I was reluctant to read the book Reinventing the Wheel: Milk Microbes and the Fight for Real Cheese even though cheese is my favorite food. I love cheese. I mean I really love cheese. Unfortunately, I have a bad habit of making assumptions. I mean I make A LOT of assumptions. Man, I’ve got a lot to work on.
Anyhow, since the authors are from Neal’s Yard Dairy in London, I ASSUMED that the tone of the book would be very anti-American cheese and super reverential towards the Old World. Look, I love French and Italian stuff too, you guys, but I make wine here in the US and I like to think that there are folks here, smart folks, creative folks, who are conversant in the Old World but of this time and place, you know?
I feel like I get flak from somms for my chenin not being “chenin-y” enough or that the Columbia Valley isn’t “Loire-y” enough and it’s frustrating. I never said I was trying to make Loire chenin (as delicious as chenins from the Loire can be). I’m trying to make a dry, minerally, fresh white wine FROM HERE to pair with our Puget Sound seafood and shellfish, the fact that it is 100% chenin blanc is sort of secondary. Point being, I bristle at old world vs. new world showdowns and I ASSUMED that this book would make me feel bad about where I come from. I already have enough reasons to feel bad about where I come from.
So, while on vacation in Lake Tahoe last summer, I finally got around to reading “Reinventing the Wheel” and I was thoroughly charmed. I’m talkin 100% completely charmed. The husband and wife authors, the Percivals, are refreshingly open minded! Not everything in America sucks! Not everything in Europe is better! *AND* the book is quite technical! I learned a lot! As a food science grad from Davis, I appreciated the depth of the multicultural microbial population discussions. Microbialfoods.org is so cool!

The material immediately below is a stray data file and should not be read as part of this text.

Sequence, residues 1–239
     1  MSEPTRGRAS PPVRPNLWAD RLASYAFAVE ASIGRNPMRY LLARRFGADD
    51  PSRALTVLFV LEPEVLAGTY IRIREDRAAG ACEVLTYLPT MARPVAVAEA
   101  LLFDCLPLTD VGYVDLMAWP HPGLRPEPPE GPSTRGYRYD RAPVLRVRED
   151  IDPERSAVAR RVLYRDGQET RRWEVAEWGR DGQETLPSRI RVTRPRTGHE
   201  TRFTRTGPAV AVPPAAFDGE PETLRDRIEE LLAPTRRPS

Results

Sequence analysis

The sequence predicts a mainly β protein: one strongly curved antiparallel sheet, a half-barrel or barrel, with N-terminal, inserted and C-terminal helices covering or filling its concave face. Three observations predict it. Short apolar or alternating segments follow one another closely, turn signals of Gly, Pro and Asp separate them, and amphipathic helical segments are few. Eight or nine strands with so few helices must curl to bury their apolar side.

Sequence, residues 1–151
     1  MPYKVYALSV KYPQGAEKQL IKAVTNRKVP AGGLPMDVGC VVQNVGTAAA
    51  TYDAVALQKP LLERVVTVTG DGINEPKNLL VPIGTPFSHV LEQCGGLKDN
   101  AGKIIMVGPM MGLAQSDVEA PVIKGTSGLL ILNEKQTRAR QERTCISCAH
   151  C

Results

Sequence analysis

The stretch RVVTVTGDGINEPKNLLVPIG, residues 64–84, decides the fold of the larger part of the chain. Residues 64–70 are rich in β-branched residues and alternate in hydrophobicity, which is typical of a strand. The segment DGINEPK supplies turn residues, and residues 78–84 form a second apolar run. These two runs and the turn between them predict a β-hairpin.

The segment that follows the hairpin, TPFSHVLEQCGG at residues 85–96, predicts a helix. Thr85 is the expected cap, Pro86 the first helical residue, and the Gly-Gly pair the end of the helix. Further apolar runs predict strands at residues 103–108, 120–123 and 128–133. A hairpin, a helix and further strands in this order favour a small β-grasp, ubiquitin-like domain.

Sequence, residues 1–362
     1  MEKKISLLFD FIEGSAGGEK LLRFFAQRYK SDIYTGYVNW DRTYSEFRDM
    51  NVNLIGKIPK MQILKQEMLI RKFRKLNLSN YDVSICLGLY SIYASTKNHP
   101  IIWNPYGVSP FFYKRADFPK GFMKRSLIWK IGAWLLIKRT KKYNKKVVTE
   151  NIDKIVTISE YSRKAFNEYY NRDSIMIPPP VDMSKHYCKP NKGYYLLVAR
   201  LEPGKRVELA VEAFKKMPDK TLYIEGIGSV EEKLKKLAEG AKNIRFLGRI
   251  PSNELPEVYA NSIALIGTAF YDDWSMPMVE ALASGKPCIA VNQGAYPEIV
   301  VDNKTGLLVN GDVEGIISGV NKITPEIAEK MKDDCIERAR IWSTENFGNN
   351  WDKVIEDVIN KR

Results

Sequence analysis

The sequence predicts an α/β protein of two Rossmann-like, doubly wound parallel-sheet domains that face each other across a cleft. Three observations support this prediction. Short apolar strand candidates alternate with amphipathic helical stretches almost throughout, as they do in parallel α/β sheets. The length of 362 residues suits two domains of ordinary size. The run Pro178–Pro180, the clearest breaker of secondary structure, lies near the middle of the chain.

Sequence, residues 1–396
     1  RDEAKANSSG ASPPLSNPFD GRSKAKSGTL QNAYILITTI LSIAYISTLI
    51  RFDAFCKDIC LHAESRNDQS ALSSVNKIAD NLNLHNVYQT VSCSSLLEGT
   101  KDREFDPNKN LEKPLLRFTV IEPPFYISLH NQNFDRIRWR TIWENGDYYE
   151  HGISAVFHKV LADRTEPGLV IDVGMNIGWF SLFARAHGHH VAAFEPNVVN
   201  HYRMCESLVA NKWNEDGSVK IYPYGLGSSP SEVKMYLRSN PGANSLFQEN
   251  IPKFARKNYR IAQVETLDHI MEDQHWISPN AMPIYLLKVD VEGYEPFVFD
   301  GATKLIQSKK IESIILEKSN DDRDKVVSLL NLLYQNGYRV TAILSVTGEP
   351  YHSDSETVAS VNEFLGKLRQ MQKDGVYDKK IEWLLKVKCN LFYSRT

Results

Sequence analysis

I’m now actively seeking out the domestic cheese producers mentioned in the book. One of them I have brought to tasting group a couple times - the washed rind, wrapped in spruce bark, cow’s milk cheese called Harbison from Jasper Hill Farm in Vermont pictured at the top of this post. Delicious. I’ve seen it at Costco, you guys, so have a taste.
Last December I conned my friends into splitting a round of Rush Creek reserve, a seasonal cow’s milk cheese from Wisconsin. Very good but very expensive. Then I bought almost certainly too much cheese from Andante Dairy in Marin County from that cool grocery store in Point Reyes Station and then later this spring from the adorable MilkFarm LA in Eagle Rock. I think that Andante’s Pastoral might be been the best herbed goat cheese I’ve ever tasted? Beautifully balanced.
Upshot: there is hope for us domestic producers of delicious things! A toast to both being thoughtfully inspired and to ditching our assumptions! Cheers!!
Cheesy list of links to my favorite cheese shops